Highlighting the urgent need for a close monitoring of food prices, an ASSOCHAM study has cautioned that prices of rice may shoot up reach a boiling point in the coming months as the stock of the key staple cereal is depleting fast owing to deficient rains and fall in output.
After pulses, onion and some edible oil like mustard oil, rice may cause pain-in-stomach of the consumers if timely adequate safeguards are not taken, says the ASSOCHAM latest study.
Though the government estimates Kharif rice production at 90.61 MMT, this is unlikely to be achieved due to severe deficit rains in Punjab, Haryana, Uttar Pradesh, Bihar, Maharashtra and Karnataka and the best that could be achieved is 89 MMT.
According to the study, rice stocks have been steadily declining for the past three years as against the stock in 24.59 MMT in 2012, only 13.89 MMT (plus unlimited paddy 3.61 MMT) are in stocks as on today.
While releasing the ASSOCHAM paper on “Impact of weak/deficient monsoon on agricultural production and prices”, ASSOCHAM Secretary General Mr. D S Rawat said, the monthly rice requirement is estimated between 8.5 to 9 MMT whereas yearly requirement is close to 108 MMT.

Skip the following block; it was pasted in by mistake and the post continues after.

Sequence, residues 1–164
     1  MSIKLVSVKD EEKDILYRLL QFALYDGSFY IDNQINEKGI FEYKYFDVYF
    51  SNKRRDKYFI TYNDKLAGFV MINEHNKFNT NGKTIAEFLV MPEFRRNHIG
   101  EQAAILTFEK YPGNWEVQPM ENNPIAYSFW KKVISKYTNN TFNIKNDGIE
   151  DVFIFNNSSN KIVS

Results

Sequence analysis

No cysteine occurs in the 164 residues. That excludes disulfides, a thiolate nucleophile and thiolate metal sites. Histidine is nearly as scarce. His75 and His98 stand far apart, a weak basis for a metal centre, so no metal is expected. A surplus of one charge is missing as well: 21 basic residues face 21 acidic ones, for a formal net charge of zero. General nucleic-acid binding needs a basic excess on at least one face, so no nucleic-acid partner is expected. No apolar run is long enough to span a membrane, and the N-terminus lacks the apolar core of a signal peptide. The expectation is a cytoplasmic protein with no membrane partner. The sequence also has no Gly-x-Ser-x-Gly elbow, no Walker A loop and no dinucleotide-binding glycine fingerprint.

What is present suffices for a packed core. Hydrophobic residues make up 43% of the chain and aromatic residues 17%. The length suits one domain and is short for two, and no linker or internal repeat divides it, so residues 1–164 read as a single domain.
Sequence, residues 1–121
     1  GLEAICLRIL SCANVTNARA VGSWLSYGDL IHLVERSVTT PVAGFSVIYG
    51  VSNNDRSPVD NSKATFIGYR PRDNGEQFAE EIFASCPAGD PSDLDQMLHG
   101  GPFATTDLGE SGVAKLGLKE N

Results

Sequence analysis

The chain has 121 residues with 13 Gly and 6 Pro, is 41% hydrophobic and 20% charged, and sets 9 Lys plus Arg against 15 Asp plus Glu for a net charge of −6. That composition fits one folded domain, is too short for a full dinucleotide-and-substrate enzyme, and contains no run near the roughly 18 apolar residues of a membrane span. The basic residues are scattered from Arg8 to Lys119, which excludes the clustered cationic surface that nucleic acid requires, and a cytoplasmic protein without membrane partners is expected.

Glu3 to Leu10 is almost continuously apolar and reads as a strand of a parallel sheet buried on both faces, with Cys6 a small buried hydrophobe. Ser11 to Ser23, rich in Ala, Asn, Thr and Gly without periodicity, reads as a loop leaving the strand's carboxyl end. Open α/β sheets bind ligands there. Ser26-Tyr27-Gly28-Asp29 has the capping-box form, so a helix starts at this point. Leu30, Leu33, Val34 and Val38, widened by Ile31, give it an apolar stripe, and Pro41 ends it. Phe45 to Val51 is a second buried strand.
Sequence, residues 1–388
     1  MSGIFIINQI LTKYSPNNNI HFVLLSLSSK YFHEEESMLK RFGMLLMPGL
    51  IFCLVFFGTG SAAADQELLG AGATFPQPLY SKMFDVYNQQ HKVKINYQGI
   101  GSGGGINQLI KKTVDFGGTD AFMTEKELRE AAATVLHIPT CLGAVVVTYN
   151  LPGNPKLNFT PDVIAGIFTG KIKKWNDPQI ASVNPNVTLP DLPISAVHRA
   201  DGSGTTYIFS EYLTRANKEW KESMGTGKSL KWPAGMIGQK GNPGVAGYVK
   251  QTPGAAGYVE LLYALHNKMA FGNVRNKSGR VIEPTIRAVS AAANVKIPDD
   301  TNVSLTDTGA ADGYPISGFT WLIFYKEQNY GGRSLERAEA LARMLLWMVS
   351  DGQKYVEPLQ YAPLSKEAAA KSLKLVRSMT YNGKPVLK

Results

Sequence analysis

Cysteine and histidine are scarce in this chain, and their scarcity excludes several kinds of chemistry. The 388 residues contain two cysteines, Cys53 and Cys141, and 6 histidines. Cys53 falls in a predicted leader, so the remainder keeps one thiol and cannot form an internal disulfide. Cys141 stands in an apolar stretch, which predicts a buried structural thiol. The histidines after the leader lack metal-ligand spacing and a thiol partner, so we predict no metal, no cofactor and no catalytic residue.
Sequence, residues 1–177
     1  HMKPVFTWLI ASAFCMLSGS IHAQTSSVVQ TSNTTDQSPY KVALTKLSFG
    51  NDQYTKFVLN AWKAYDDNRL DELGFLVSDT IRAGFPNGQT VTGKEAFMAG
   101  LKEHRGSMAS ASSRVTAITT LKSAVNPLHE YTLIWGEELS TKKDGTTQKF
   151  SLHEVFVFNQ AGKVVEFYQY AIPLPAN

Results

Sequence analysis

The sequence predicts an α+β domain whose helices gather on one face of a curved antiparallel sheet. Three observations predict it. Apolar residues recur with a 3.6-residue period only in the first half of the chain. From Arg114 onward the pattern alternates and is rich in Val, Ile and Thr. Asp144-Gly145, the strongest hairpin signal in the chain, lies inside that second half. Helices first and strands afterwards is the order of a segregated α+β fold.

“Increasing export outgo on account of PDS (Public Distribution System) and other welfare schemes will continue to weigh on availability in the open market. Unless government is able to handle the situation prudently, depleting stocks will soon reflect on the open market prices”, adds the study.
The actual production may be around 103 MMT during 2015-16. On the stock front, rice stocks have been steadily declining in the past three years, adds the study.
Given the huge domestic demand for rice, government needs to closely monitor both prices and stock situation. Already a section of global exporting community is evaluating possibility of India entering international market for import of these commodities from 2017, if urgent steps are not taken to augment supplies.
ASSOCHAM suggests that DSR (Direct Seeded Rice) should be encouraged to conserve water. Presently, less than 10% of paddy production is under DSR due to limitations in the availability of suitable equipment for DSR in clay soils. Urgent attention is needed in this regard to expand DSR acreage on war footing.